Intel exec at CES: Microsoft's tablet OS too long in coming

Intel urged Microsoft a long time ago to remake Windows for smaller devices, an executive at the chipmaker said.

LAS VEGAS--Intel has urged Microsoft to tailor Windows for smaller devices, to no avail, an executive from the chipmaker said at the Consumer Electronics Show.

Tom Kilroy is Intel's marketing chief.
Tom Kilroy is Intel's marketing chief. Intel

"Hey, we tried to get [Microsoft] to do a tablet OS (operating system) for a long time. Us, and others like Dell," said Tom Kilroy, senior vice president and general manager of Intel's Sales and Marketing Group, speaking to CNET at an Intel function last night.

Microsoft said this week at CES that its next major release of Windows will run on power-efficient processors from ARM--an Intel rival. This "port" is expected to make Windows more suitable for tablets. It's not clear when this version of Windows will be released, however.

Though Windows 7 is being used on a number tablets already, that operating system's PC heritage makes it less than ideal, as many have attested to already.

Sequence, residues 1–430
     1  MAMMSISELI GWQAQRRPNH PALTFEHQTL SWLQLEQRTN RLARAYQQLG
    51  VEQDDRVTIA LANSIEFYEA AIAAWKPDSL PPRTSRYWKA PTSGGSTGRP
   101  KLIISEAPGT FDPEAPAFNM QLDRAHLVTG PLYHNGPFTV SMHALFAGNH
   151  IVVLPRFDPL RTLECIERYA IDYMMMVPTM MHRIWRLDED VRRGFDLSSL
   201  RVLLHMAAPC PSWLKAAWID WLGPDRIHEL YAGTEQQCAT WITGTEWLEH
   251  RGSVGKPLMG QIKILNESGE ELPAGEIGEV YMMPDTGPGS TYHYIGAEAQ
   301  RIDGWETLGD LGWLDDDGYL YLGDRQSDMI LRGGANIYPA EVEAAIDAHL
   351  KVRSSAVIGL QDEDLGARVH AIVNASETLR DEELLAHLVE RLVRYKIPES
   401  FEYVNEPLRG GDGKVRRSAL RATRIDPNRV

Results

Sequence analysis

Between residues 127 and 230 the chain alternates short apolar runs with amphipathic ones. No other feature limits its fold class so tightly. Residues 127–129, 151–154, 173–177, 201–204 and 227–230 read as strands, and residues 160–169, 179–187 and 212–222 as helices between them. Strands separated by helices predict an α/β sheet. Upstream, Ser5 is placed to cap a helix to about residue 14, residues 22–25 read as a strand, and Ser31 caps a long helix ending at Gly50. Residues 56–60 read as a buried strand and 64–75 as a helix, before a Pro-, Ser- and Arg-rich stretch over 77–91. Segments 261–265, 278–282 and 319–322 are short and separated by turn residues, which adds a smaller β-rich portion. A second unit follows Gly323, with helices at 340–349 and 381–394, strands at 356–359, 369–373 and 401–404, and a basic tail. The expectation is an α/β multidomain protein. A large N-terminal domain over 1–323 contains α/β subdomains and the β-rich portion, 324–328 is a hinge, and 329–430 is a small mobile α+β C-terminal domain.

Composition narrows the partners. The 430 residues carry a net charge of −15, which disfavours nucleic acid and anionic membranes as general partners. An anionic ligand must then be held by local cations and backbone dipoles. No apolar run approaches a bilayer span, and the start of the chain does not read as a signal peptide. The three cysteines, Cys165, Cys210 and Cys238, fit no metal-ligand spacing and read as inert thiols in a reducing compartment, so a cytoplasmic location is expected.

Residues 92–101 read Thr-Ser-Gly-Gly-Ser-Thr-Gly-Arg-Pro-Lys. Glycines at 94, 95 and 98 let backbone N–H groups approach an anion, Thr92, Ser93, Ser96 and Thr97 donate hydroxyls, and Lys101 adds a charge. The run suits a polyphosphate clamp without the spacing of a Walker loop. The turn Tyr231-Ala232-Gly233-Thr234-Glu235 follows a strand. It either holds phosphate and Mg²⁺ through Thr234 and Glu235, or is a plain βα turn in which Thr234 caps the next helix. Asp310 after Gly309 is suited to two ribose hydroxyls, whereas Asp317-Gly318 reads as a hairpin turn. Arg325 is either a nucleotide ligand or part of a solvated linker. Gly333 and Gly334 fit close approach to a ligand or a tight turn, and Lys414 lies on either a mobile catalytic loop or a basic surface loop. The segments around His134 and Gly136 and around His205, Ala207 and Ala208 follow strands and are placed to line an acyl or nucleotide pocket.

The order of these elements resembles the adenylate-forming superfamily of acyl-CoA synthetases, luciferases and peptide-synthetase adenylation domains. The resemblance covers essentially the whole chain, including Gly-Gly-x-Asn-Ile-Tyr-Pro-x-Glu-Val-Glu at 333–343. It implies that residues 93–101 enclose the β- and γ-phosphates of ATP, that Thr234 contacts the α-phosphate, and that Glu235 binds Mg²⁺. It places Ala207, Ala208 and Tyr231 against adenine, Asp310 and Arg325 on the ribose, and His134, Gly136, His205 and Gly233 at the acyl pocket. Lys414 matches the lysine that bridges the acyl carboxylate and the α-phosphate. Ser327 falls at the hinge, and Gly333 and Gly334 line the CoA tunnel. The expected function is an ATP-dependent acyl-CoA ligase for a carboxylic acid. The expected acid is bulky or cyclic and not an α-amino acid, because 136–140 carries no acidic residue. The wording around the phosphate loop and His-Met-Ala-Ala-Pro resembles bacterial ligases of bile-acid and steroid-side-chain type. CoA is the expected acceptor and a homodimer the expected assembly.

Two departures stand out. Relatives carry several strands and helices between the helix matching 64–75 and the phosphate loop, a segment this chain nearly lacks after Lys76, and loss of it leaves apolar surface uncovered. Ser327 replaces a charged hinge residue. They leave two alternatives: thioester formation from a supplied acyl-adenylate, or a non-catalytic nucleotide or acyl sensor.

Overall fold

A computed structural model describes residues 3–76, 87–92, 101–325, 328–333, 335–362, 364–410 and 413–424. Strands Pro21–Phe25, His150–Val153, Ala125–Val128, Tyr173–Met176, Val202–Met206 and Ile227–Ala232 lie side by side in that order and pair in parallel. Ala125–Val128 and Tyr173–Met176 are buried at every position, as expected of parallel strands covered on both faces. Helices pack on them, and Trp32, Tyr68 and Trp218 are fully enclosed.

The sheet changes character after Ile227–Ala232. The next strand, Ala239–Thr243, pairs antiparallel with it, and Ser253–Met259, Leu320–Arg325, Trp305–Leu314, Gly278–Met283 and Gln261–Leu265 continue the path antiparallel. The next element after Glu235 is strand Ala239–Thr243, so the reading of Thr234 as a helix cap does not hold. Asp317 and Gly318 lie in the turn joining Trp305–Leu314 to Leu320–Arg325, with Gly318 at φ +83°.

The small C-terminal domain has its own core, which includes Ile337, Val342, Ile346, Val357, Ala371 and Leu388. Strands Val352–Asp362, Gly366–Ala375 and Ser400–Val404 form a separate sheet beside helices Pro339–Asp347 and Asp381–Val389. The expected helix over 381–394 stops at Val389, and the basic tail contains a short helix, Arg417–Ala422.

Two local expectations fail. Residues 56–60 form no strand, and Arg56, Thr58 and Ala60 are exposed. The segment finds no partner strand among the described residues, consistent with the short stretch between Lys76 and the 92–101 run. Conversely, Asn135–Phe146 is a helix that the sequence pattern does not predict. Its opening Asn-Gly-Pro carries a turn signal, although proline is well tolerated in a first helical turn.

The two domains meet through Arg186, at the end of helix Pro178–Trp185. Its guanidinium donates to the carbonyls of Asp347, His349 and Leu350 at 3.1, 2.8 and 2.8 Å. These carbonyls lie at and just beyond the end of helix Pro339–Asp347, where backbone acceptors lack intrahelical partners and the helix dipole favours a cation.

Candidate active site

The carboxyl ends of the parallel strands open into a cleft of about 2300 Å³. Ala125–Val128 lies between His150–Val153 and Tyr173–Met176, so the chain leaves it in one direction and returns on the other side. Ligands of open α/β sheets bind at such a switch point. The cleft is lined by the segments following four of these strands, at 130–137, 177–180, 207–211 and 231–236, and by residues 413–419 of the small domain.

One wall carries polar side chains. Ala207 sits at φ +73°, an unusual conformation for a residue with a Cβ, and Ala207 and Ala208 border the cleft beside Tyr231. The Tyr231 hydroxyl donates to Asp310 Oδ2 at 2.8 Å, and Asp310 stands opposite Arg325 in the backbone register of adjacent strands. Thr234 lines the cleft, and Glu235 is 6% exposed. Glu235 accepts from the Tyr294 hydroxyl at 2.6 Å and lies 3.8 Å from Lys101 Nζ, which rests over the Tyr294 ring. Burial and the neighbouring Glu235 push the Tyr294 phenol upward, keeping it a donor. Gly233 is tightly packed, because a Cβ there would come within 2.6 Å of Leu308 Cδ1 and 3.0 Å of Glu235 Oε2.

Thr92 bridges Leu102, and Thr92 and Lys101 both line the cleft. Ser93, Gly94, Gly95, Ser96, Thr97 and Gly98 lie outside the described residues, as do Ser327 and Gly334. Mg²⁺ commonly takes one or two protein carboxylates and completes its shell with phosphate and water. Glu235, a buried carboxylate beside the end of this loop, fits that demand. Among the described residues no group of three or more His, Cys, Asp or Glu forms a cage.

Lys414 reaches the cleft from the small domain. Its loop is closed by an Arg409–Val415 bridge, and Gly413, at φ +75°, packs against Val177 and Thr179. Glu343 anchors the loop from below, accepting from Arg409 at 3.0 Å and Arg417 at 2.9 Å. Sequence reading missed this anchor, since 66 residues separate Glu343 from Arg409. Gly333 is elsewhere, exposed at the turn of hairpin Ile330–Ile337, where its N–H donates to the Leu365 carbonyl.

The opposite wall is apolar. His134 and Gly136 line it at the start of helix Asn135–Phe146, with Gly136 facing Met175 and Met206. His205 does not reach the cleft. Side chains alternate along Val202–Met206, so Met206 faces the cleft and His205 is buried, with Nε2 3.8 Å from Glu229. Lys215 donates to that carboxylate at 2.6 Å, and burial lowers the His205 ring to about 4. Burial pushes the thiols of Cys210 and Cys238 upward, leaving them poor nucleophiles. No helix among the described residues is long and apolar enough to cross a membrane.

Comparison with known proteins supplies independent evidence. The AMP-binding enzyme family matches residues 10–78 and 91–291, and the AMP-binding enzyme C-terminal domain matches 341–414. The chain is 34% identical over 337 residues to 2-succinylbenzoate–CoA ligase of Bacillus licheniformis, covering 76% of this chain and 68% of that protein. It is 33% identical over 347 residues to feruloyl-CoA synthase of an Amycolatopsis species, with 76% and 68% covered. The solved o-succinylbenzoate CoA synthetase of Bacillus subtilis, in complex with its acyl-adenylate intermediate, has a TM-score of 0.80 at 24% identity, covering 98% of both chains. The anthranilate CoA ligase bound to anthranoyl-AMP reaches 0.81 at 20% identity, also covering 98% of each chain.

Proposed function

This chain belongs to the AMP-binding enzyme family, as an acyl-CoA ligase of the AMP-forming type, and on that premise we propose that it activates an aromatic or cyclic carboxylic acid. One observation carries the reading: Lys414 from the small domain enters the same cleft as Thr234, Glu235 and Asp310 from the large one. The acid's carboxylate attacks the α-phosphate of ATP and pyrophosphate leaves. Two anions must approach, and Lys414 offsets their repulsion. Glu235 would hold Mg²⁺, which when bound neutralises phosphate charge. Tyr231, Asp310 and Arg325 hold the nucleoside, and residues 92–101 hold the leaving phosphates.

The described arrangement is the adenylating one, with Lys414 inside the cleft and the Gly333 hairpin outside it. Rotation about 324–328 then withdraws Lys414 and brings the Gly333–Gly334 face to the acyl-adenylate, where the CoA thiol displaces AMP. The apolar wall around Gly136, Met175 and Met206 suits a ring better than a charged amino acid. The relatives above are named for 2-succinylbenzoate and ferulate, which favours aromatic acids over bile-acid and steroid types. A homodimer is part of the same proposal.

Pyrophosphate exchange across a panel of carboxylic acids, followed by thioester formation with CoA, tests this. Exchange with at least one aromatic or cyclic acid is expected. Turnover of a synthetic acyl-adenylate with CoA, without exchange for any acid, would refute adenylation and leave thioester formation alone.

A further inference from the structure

Goldman Sachs released a research note last month critical of Microsoft's tablet strategy.

And this isn't the first time Intel has mentioned this issue, either. Intel executives have talked about this in past earnings conference calls, saying they have called on Microsoft to tweak Windows and make it more suitable for small devices like Netbooks--to no avail.

Kilroy said Intel is building Atom processors--known by the code names of Oak Trail and Moorestown--for the Android, Windows 7, and MeeGo operating systems. Oak Trail processors are more powerful--and include dual-core versions--while the single-core Moorestown chip is targeted at more power sensitive devices, he said.

He also cautioned against singling out Microsoft as the only major software company with tablet troubles. Google has had it own challenges in optimizing the Android operating system for tablets, Kilroy said. Only recently has Google begun talking about Honeycomb, the first Android OS optimized for tablets. That is due later this year.

Finally, Kilroy said Intel is rejiggering its corporate structure to devote more resources to tablets, citing as an example the newly formed Netbook and Tablet Group headed by Doug Davis.

About the author

Brooke Crothers writes about mobile computer systems, including laptops, tablets, smartphones: how they define the computing experience and the hardware that makes them tick. He has served as an editor at large at CNET News and a contributing reporter to The New York Times' Bits and Technology sections. His interest in things small began when living in Tokyo in a very small apartment for a very long time.

 

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